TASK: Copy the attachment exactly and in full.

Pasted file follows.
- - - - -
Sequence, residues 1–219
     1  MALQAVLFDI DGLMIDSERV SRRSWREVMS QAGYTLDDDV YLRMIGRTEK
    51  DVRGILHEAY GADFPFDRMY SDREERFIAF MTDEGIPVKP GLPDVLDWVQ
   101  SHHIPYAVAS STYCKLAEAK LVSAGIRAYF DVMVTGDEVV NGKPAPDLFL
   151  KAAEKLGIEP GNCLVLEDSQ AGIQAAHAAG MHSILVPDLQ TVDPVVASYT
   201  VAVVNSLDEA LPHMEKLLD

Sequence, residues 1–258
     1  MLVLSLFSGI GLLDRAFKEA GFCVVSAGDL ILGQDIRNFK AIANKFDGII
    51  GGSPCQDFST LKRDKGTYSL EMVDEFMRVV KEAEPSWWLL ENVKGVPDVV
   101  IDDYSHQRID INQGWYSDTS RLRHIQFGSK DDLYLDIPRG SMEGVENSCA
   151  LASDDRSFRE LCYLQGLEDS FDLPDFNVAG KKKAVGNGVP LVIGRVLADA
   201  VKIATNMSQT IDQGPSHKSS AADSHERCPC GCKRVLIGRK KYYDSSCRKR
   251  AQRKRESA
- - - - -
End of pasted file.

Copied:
Sequence, residues 1–219
     1  MALQAVLFDI DGLMIDSERV SRRSWREVMS QAGYTLDDDV YLRMIGRTEK
    51  DVRGILHEAY GADFPFDRMY SDREERFIAF MTDEGIPVKP GLPDVLDWVQ
   101  SHHIPYAVAS STYCKLAEAK LVSAGIRAYF DVMVTGDEVV NGKPAPDLFL
   151  KAAEKLGIEP GNCLVLEDSQ AGIQAAHAAG MHSILVPDLQ TVDPVVASYT
   201  VAVVNSLDEA LPHMEKLLD

Sequence, residues 1–258
     1  MLVLSLFSGI GLLDRAFKEA GFCVVSAGDL ILGQDIRNFK AIANKFDGII
    51  GGSPCQDFST LKRDKGTYSL EMVDEFMRVV KEAEPSWWLL ENVKGVPDVV
   101  IDDYSHQRID INQGWYSDTS RLRHIQFGSK DDLYLDIPRG SMEGVENSCA
   151  LASDDRSFRE LCYLQGLEDS FDLPDFNVAG KKKAVGNGVP LVIGRVLADA
   201  VKIATNMSQT IDQGPSHKSS AADSHERCPC GCKRVLIGRK KYYDSSCRKR
   251  AQRKRESA